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The Economic Times  45 min ago  Comment 
The S&P BSE Sensex also pared most of its morning gains and was trading in a range, but above its crucial psychological level of 26000.
SeekingAlpha  2 hrs ago  Comment 
By Clayton Browne S&P Ratings says the coal industry has long-term structural issues, but could offer value over the medium term A new report from Standard & Poor's Rating Services titled "Carbon Constraints Cast A Shadow Over The Future Of...
TheStreet.com  12 hrs ago  Comment 
NEW YORK (TheStreet) -- It was another lackluster session Tuesday for the market indexes. The DJIA was up 61.81 points to close at 17113.54. The S&P 500 flirted with a new all-time closing high but finished short, closing at 1983.53, up 9.90...
TheStreet.com  Jul 22  Comment 
"The best traders have no ego. You have to swallow your pride and get out of the losses." -- Tom Baldwin NEW YORK (TheStreet) -- Today we saw much better action than we have seen for a long time -- with stocks behaving well, including some...
SeekingAlpha  Jul 22  Comment 
By Financial Sense: By Tom Smith As I write, the S&P 500 continues its march higher. This has to be one of the most hated bull markets on record. Really all strong markets are met with pessimism for the majority of their run higher. When your...
Clusterstock  Jul 22  Comment 
Stocks finished higher as the S&P 500 touched a new intraday all-time high, but failed to make a new closing record high, while the Dow and Nasdaq also rallied. First, the scoreboard: Dow: 17,113.54, +61.8, (+0.4%) S&P 500: 1,983.53, +9.9,...
TheStreet.com  Jul 22  Comment 
NEW YORK (TheStreet) -- U.S. stocks moved back into record-making territory on Tuesday as positive earnings overshadowed continued unease in Eastern Europe and the Middle East. Boosting the index, Chipotle , Comcast and Verizon gained following...
Yahoo  Jul 22  Comment 
We talk to USA Today Markets Reporter Matt Krantz about the four companies in the S&P 500 that have missed earnings expectations for the last four calendar quarters.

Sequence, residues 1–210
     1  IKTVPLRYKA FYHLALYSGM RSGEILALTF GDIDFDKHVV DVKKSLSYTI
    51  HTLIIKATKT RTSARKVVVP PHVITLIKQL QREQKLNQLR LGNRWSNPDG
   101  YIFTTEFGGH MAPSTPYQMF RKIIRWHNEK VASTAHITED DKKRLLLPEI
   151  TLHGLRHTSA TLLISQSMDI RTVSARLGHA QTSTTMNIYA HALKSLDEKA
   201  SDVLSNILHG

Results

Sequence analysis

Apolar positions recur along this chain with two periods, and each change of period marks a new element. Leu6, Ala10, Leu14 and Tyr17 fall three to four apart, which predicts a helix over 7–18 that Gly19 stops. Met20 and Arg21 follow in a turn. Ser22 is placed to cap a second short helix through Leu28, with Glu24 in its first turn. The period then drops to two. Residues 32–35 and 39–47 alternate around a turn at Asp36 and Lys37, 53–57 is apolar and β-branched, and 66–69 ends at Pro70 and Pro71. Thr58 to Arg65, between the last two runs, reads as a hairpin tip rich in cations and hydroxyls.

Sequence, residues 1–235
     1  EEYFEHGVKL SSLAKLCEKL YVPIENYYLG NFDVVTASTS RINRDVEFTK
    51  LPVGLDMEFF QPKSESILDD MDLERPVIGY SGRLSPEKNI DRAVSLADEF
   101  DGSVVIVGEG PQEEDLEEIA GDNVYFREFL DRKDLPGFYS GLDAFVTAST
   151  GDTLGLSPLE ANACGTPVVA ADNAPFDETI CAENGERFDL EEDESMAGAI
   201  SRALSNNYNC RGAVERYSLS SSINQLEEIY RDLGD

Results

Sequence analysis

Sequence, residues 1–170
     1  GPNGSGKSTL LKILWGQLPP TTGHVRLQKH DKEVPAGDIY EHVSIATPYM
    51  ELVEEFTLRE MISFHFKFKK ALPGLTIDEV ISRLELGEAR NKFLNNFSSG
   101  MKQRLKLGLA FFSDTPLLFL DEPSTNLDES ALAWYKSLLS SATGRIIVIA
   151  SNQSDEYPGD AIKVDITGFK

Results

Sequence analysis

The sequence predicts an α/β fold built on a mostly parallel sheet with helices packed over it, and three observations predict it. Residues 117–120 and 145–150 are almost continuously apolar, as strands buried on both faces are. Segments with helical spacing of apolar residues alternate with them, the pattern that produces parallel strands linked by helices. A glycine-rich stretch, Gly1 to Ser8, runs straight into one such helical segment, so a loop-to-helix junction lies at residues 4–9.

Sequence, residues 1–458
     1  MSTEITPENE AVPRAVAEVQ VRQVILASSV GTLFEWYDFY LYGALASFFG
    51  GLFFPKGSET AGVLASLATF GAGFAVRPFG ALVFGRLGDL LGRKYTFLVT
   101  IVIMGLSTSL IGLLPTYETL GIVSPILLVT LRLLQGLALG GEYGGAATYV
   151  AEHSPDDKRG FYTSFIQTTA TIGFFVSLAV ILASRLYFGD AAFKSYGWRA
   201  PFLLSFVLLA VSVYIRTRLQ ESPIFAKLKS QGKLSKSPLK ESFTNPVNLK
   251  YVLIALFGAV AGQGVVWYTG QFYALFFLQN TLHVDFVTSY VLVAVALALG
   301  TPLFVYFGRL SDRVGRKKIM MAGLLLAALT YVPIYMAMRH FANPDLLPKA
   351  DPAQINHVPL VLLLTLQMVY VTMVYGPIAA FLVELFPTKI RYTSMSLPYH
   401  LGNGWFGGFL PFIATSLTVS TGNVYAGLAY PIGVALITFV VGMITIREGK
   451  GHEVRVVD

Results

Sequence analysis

Capital Essence's Investment Blog- 錢途集團 » Page not found  Jul 22  Comment 
the S&P stuck in a holding pattern as traders wondered whether more gain is warranted following the April-June massive rally. Over the next few days, traders should monitor trading behavior as the June high is tested as resistance. A sustain...
Yahoo  Jul 22  Comment 
Investors continued to pay close attention to unstable regions abroad, and while violence persisted in the Gaza Strip, hopes rose for an easing of tension in Ukraine. Verizon Communications Inc rose 0.6 percent to $50.98 after the company reported...
Market Intelligence Center  Jul 22  Comment 




 

This article is about the S&P 500 index. For the article on the company SPX Corporation, click here.

The S&P 500 is a stock market index containing the stocks of 500 American Large-Cap corporations. The index is owned and maintained by Standard & Poor's, a division of McGraw-Hill. All of the stocks in the index trade on the two largest US stock markets, the New York Stock Exchange and Nasdaq. The Dow Jones Industrial Average and the S&P 500 are the most widely watched indexes of large-cap US stocks. The S&P 500 is often quoted using the symbol SPX or INX, and may be prefixed with a caret (^) or with a dollar sign ($).

Many index funds and exchange-traded funds track the performance of the S&P 500 by holding the same stocks as the index, in the same proportions, and thus attempt to match its performance (before fees and expenses). Partly because of this, a company which has its stock added to the list may see a boost in its stock price as the managers of the mutual funds must purchase that company's stock in order to match the funds' composition to that of the S&P 500 index. Additionally, the S&P 500 index is often used as a baseline level of performance against which mutual funds and other asset managers' performance is measured.

Composition of the S&P 500 Index

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S&P 500 sector break-down[1]

The S&P 500 index is not made up of the 500 largest corporations in the U.S., since other factors such as liquidity of the stock and industry grouping are also considered in selecting members for the index.

The criteria for being added to the index are as follows:

  • Must be a "U.S. company". This is determined by looking at location of company's operations, its corporate structure, its accounting structure and its exchange listing.
  • Must have minimum $5 billion market capitalization. The minimum is reviewed occasionally to ensure that it takes in to account market conditions.
  • Must have a minimum public float of 50%, which means that at least half of the company's share must be publicly tradable.
  • Must be financially viable. Companies are expected to have at least four consecutive quarters of positive as-reported earnings
  • Must be operating companies. Closed-end funds, holding companies, partnerships, investment vehicles and royalty trusts are not eligible while Real Estate Investment Trusts (REITs) and business development companies (BDCs) are eligible for inclusion to the index.
  • Should have adequate liquidity and moderate price per share. The ratio of annual dollar value traded to market capitalization for the company should be 0.30 or greater. Very low or extremely high priced shares are also considered to be illiquid.